Walsh Jennings has a fresh approach

Kerri Walsh-Jennings, right, with new teammate April Ross, set an AVP Tour women's record Sunday with her 67th win. Mpu Dinani/Getty Images

Kerri Walsh Jennings has nothing to prove. With three back-to-back Olympic gold medals and three International Federation of Volleyball world championship crowns, the 35-year-old California native is already considered the best beach volleyball player of all time along with her teammate of 11 years, Misty May-Treanor. But when May-Treanor, 36, retired after their third Olympic win at the 2012 Summer Games in London, Walsh Jennings kept going.

Sure, she took some time off after London to have her third baby with pro beach volleyball player Casey Jennings. But by last fall, the 6-foot-2 star was ready to hit the refresh button on her epic career. After dominating her sport for more than a decade, Walsh Jennings, who broke the AVP Tour women's record Sunday with her 67th victory on the professional beach volleyball circuit, believes there's still room for her to grow.

In addition to picking up new partner, London silver medalist April Ross, last September, she's also changing her training plan to in hopes of earning her fourth straight victory at the 2016 Olympics in Rio. Here's how she's planning to swing a four-peat.

Running for fitness

Running on the beach had always been part of Walsh Jennings' training plan, but now, for the first time in her career, she is incorporating an hour of track-and-field-work once a week.

"I just want to challenge my body and remind it how to move freely," said Walsh Jennings, who has added Asics as a sponsor. "For me, running is really empowering. Not only am I working on my stride and strength, but I'm also working on my lung capacity and cardio. It's something I can easily bring with me onto the court."

"Generally, I will go to the track and run a lap or two to warm up, then run up stadium stairs sideways. I'll do high knees and skip a step, too, then head back to the field and do sprints for 50 yards, then 100 yards and so on," she said. "I don't love running, to be honest, but I love the freedom and strength I get from it, so it's a real labor of love."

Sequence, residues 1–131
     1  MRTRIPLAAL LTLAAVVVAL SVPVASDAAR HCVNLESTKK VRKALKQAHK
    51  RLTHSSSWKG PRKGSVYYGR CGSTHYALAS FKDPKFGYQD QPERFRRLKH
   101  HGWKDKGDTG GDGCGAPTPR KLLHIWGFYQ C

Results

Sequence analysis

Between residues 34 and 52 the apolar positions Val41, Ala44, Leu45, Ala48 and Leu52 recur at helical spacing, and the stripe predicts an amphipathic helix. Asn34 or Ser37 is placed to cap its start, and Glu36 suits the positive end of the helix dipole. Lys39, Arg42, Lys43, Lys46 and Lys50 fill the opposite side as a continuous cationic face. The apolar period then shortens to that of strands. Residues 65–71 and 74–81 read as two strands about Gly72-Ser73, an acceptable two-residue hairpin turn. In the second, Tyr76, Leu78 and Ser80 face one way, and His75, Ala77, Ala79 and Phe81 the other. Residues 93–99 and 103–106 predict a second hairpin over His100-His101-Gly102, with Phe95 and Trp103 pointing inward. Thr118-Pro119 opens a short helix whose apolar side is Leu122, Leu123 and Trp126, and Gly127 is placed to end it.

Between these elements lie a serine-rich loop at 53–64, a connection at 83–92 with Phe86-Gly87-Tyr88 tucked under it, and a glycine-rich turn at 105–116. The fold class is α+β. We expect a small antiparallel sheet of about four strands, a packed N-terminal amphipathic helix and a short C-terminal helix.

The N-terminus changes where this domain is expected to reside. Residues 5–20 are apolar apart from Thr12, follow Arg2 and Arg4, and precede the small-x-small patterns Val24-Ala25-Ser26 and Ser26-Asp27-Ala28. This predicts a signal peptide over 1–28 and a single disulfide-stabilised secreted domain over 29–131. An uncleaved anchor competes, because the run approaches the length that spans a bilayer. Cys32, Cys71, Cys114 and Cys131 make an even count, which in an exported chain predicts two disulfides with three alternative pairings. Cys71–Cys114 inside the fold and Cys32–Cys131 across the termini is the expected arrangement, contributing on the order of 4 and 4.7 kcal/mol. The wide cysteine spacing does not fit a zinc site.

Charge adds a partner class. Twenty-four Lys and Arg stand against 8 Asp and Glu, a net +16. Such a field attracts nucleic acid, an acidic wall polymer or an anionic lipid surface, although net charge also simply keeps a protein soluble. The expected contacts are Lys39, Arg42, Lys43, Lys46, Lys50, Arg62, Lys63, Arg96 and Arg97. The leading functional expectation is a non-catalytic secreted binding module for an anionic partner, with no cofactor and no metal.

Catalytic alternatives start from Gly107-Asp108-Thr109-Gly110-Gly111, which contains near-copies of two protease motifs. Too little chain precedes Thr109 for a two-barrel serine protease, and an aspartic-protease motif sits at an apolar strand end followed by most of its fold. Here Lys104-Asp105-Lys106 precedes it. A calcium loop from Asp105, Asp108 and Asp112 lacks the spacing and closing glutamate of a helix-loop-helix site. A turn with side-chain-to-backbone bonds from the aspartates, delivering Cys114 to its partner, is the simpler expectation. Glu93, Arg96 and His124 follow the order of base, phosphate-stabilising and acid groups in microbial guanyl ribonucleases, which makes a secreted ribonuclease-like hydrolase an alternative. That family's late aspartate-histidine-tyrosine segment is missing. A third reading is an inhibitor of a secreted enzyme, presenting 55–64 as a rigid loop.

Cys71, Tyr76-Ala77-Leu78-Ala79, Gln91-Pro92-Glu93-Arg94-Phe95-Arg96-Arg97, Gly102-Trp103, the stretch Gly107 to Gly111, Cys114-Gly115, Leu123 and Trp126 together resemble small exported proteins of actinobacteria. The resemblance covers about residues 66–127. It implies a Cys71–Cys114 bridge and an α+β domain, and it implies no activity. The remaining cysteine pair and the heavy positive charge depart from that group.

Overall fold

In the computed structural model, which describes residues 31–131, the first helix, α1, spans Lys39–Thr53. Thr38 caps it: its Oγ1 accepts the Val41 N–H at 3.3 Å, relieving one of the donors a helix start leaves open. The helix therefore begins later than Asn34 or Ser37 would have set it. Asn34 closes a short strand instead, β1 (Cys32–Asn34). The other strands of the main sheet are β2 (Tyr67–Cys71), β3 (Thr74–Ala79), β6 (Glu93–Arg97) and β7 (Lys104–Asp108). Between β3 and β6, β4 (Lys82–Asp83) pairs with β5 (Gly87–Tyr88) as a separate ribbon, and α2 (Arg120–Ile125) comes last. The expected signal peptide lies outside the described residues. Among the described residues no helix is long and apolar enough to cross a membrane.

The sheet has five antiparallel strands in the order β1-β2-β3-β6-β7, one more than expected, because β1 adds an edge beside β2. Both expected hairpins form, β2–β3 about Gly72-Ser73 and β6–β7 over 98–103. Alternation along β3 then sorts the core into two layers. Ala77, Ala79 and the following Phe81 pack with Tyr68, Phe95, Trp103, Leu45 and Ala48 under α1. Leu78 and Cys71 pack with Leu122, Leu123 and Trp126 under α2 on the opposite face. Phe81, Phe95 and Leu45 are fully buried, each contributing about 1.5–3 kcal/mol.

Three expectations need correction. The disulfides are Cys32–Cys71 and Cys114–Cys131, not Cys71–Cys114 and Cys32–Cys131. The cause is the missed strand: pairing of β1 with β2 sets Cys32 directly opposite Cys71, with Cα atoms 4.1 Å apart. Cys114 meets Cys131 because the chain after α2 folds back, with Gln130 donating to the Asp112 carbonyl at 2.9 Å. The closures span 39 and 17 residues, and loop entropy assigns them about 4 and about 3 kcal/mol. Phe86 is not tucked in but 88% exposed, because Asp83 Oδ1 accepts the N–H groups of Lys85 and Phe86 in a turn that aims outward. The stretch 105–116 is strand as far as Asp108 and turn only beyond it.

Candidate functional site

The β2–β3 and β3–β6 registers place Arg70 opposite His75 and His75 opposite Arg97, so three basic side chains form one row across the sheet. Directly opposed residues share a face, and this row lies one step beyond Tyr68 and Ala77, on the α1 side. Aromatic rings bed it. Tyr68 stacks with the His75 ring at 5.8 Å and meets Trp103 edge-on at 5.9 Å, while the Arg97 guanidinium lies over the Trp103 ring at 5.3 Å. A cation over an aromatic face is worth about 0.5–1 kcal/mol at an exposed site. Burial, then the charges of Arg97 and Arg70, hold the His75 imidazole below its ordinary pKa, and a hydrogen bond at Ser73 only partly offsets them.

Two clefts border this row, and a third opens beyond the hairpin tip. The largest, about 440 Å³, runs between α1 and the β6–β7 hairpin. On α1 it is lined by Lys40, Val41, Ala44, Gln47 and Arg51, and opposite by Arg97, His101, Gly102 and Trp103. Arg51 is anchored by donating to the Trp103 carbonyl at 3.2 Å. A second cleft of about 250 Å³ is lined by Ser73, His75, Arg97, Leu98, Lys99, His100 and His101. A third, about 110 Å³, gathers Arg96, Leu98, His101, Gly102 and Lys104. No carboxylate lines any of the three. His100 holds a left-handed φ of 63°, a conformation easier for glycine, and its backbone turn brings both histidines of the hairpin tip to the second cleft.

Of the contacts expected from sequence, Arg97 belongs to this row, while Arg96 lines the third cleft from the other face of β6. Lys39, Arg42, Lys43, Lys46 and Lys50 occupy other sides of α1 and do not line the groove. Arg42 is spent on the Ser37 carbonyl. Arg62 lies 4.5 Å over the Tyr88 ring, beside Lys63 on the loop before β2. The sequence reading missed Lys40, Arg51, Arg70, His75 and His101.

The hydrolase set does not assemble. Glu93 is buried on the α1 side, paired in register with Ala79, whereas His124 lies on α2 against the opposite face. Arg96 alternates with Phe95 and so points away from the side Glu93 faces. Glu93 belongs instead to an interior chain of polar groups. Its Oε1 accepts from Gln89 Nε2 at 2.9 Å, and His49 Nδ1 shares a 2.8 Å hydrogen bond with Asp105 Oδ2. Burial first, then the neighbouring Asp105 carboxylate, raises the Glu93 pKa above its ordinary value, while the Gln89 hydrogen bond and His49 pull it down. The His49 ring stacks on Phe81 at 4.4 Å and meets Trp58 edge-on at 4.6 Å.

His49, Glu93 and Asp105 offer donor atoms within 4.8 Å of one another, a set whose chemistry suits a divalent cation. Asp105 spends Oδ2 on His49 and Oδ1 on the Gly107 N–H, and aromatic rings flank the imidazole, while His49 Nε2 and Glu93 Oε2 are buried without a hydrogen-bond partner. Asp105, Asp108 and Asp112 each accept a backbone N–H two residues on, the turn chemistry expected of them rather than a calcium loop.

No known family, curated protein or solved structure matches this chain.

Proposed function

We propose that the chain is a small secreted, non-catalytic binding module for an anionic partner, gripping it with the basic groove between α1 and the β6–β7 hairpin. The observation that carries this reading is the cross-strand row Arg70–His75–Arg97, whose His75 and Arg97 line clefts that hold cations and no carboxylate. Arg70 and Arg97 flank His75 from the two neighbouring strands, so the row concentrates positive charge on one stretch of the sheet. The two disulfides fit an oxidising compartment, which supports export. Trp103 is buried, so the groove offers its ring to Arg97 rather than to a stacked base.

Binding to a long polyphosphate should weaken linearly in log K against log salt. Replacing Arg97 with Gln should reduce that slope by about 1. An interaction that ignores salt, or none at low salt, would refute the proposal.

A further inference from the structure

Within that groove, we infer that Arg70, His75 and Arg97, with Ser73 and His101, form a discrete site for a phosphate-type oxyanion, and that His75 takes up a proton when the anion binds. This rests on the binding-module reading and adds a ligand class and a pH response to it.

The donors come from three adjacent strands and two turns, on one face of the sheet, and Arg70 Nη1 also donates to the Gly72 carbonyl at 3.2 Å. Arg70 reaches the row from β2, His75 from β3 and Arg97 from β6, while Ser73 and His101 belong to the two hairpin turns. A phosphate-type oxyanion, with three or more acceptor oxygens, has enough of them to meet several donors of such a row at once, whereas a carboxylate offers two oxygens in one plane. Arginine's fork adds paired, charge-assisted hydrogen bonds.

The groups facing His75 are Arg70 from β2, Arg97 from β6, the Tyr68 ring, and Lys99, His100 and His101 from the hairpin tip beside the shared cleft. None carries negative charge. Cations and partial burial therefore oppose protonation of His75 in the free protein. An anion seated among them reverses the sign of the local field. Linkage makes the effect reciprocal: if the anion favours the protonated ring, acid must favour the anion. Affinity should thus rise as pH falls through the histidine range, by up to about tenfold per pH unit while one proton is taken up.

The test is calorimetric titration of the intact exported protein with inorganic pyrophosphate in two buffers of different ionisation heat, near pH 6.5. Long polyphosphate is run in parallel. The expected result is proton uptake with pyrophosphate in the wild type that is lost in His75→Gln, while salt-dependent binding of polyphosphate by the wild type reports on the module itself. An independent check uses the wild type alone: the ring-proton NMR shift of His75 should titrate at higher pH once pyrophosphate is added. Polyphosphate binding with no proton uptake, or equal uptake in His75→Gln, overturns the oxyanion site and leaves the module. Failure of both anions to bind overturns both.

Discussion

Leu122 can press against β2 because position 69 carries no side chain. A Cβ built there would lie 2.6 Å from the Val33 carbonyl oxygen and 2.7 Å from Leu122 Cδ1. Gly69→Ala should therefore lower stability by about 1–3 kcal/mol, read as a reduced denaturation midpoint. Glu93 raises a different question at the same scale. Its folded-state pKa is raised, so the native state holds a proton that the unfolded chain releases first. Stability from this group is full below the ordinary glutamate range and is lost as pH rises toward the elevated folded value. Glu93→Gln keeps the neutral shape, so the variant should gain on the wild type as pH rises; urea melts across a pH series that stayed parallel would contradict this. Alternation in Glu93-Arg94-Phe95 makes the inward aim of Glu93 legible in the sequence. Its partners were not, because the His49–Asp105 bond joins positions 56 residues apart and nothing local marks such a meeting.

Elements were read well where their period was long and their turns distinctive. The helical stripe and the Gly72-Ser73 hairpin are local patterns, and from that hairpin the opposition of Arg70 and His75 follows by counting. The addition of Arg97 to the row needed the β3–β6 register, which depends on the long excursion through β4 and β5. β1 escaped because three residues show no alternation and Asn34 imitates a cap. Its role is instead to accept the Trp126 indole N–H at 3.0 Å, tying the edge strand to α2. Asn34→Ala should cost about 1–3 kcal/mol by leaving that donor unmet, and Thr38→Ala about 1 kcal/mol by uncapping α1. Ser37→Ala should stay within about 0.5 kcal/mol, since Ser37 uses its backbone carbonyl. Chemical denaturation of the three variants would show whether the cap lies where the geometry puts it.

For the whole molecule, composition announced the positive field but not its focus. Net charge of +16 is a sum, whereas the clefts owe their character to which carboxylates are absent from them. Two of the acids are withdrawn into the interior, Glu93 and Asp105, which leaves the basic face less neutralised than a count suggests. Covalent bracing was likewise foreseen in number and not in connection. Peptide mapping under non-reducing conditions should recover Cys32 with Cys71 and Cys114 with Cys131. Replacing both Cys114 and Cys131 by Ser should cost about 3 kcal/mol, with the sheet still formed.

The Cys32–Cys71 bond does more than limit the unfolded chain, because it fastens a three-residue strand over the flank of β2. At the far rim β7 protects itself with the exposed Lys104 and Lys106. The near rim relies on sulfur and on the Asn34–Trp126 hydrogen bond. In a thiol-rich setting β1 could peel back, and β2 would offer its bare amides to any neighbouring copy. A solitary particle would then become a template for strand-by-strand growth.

And so far, it's paying off. "I certainly felt more sure-footed and stable in my movements when I played. I felt more dynamic when I'd pushed off, too."

Enjoying a natural high

Though she doesn't subscribe to one particular diet, Walsh Jennings says she tries to cut out gluten when she can. She loves Paleo recipes, especially anything from Danielle Walker's cookbook "Against All Grain."

She starts every morning with a shake of powder mixed with coconut milk or water, some berries, a handful of greens, spirulina (a blue-green algae) and chia seeds. Before and after her workouts, she usually grabs a low-calorie protein bar, but if she needs a quick hit of energy during a workout, she prefers a shot of honey.

"My sports psychologist turned me onto honey just before the London Games. He said if I was ever feeling low on energy or lack of focus, I just need a little kick. A swig of honey will help reset you and give you the push you need.

"I have been doing that during my workouts and competitions and I love it," said Walsh Jennings, who, yes, keeps a honey bear in her training bag.

Fresh perspective

While Walsh Jennings enjoyed a winning streak for the last decade, her longtime American opponent April Ross worked hard at knocking her off her throne. They join forces with 31-year-old Ross, who is 6-foot-1 and from California, setting her sights on her first Olympic gold. The pair meet at Manhattan Beach or a local gym five to six days a week and train up to five hours a day.

"I've loved every second with her so far," Walsh Jennings said of Ross. "She's a fighter. She's a worker. She's a geek for the sport just like I am. She wants to grow the game just like I do. We're excited to work our butts off to be the best we can be."

Ross, who played her first four tournaments with Walsh Jennings last fall, initially worried that it might take some getting used to playing on the same team.

"I thought the transition was going to be tough because I had never played on the same side of the net with her," Ross said. "She has accomplished so much and her standards are so high -- I thought she might want me to try to fill Misty's shoes. I genuinely thought we'd be off to a rocky start, but it was so smooth. It's still smooth! I really can't believe it.

"It's a testament to the kind of teammate she is and how generous and understanding she is as a person. I've been so impressed with how she has handle it all."